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Old Feb 06, 2013, 07:05 PM
Will fly for food
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With the battery, it is less than 16oz, which is less than 500g. I recently got my hands on some depron, which is lighter than the dt foam w/paper. Also, the point of it being a cube is that it is a flying cube. I've considered a tube, but for some reason I want to make something, that looks like it shouldn't fly, fly. In addition, I wanted a lot of surface area to allow it to get more flight time.

I like the idea of flipping the motor over. I'm close to getting this one built, so I'll probably finish it and determine what changes need to be made for the next one.

I'm working my way through the Japanese ball thread, just a lot to get through.
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Old Feb 07, 2013, 05:30 AM
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One thing you might want to try to get more yaw control is to split the longer control surface in two and add a small wedge between them, to fix some yaw correction in. This should weight less than adding another servo and should not alter the mixing rules you already use.
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Old Feb 07, 2013, 12:11 PM
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Quote:
Originally Posted by Brandano View Post
One thing you might want to try to get more yaw control is to split the longer control surface in two and add a small wedge between them, to fix some yaw correction in. This should weight less than adding another servo and should not alter the mixing rules you already use.
Brandano,

That's a great idea, simple and light weight. The off-set needs to be fix into place after testing is completed, during testing the vanes will require off-set adjustment, instead of a wedge, two strips of soft steel cut from a used tin-can glued on each side of the severed vane will allow for tweaking .
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Old Feb 07, 2013, 01:53 PM
Will fly for food
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I actually really do like the idea of spittle the longer control surface. I'll have to figure out some sort of rig, like mentiond by corocopter, that will allow me to make the split adjustable.
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Old Feb 07, 2013, 02:35 PM
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You can cut a tin can with a good pair of scissors, cut strips about 1/4 inch wide by 3 inches long, wrap the strip around a broom handle to set a radius in the middle, straighten out the ends. Epoxy one strip on each side of the severed vane, with the loop-side outward, this will allow for slack in the strips to facilitate the adjustment of the vanes. Before you glue the first strip on, off-set the vanes at least 25 degree.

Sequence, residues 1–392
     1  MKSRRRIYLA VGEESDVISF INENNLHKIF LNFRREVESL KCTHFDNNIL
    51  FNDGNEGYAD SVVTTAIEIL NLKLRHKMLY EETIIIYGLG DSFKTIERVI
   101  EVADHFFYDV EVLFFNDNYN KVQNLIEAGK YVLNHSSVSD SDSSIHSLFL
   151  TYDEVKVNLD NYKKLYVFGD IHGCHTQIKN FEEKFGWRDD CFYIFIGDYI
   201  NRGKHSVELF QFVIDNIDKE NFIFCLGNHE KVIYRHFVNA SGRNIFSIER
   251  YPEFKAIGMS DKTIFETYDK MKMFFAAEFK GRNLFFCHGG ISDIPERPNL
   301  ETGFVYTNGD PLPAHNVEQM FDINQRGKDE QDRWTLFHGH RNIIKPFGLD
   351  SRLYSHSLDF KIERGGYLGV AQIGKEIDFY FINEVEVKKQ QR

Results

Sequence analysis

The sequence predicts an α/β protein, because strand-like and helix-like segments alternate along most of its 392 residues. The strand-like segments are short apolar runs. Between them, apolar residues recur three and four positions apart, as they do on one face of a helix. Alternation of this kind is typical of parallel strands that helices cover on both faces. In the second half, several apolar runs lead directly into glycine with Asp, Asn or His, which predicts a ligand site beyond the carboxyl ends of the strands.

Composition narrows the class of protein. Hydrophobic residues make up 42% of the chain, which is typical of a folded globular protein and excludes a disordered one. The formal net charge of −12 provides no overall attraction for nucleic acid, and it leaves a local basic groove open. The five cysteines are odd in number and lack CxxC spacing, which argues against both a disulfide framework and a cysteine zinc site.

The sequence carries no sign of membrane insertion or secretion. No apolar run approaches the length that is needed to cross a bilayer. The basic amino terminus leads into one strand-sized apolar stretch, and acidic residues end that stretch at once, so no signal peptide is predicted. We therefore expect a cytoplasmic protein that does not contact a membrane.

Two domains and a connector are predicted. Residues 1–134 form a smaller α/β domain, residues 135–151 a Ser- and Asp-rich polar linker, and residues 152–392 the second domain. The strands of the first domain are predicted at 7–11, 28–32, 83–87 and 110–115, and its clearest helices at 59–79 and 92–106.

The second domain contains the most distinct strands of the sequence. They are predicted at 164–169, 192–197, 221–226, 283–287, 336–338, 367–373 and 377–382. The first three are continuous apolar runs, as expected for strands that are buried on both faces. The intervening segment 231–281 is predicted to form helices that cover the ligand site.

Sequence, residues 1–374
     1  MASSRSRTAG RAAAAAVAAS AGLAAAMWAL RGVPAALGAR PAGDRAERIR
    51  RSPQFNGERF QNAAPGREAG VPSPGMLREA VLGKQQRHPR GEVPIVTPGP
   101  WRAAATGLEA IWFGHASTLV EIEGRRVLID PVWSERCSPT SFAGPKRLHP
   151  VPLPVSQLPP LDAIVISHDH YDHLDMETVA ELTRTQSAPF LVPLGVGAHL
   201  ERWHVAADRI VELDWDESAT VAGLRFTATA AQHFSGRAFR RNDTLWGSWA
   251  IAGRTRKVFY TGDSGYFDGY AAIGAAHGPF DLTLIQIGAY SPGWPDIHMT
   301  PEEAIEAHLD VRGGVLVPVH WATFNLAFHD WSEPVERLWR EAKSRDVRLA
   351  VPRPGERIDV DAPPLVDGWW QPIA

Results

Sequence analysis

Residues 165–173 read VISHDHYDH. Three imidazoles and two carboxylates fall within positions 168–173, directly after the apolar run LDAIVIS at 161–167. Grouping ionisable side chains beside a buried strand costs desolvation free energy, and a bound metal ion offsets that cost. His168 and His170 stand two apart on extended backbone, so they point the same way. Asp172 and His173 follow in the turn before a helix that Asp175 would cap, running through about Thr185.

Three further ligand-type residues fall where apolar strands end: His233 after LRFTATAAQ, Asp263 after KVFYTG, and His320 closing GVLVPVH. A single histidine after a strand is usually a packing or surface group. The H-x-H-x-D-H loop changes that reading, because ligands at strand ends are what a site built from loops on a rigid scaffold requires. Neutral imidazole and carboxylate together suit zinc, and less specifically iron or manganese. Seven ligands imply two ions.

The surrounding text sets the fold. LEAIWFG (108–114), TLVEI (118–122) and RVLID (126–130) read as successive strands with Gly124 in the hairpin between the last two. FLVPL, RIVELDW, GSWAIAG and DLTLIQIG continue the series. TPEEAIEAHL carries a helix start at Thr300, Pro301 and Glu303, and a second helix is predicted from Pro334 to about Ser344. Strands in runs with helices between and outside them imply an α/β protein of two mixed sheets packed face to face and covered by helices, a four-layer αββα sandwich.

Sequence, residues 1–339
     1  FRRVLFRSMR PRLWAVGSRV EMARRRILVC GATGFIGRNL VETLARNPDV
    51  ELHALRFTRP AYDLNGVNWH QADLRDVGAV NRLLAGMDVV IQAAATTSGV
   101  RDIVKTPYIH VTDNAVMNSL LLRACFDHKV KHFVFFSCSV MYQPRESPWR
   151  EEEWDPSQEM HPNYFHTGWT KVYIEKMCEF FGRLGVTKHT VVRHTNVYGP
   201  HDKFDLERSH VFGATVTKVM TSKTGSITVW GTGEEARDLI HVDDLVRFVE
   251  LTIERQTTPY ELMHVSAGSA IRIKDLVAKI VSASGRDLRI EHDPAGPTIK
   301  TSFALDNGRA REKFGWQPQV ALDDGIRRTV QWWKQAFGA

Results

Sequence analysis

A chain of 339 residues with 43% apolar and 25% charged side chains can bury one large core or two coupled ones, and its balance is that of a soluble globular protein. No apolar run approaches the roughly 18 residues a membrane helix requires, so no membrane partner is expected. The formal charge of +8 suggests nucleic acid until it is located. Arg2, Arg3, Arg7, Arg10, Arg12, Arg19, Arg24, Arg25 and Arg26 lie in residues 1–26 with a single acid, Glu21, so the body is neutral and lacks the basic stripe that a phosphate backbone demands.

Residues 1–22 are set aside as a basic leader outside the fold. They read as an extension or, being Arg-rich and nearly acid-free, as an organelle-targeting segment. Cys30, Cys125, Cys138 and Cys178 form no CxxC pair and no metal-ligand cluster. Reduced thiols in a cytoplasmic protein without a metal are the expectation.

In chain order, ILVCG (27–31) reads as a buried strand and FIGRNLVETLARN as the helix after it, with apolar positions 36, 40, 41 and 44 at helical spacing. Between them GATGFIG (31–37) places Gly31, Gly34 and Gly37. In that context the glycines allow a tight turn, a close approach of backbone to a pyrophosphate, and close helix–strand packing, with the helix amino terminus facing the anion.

Kelly
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Old Feb 07, 2013, 03:44 PM
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In addition you can also slightly offset the other surfaces as well. This should give you lower overall drag and recover some trim range.
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Old Feb 07, 2013, 05:36 PM
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While on the subject of trim, weight trim is extremely important. All single copter VTOL's need to have lateral weight trim set to zero, that is, while hanging on a string un-powered from the center of the motor; the device must hang exactly level. I.e. remove the prop and place a round or square plate in place of the prop, this surface must be perfectly level in static, un-powered conditions.

I use a "paint stir-stick" with a bulls eye bubble level stuck on one end, a large amount of the stick extends beyond the mounting hole to exactly counter balance the bubble.

Using this leveling system allows me to move the battery, servos etc around using carpet double stick tape to find the correct placement of the radio gear. This is the real secret to making a vtol fly correctly and is often overlooked. BTW this works great on 3-D fun-fly airplanes if the plane is balanced using this system, they hang perfectly vertical in a powered hover, making these planes perform extremely well. I've resorted to mounting the battery on a stick extending upward over the cabin area to get things to balance out correctly. I looks odd, but who cares it make the device fly perfect.
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Last edited by corocopter; Feb 07, 2013 at 05:44 PM.
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Old Feb 07, 2013, 07:36 PM
Will fly for food
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What are the symptoms of lateral imbalance?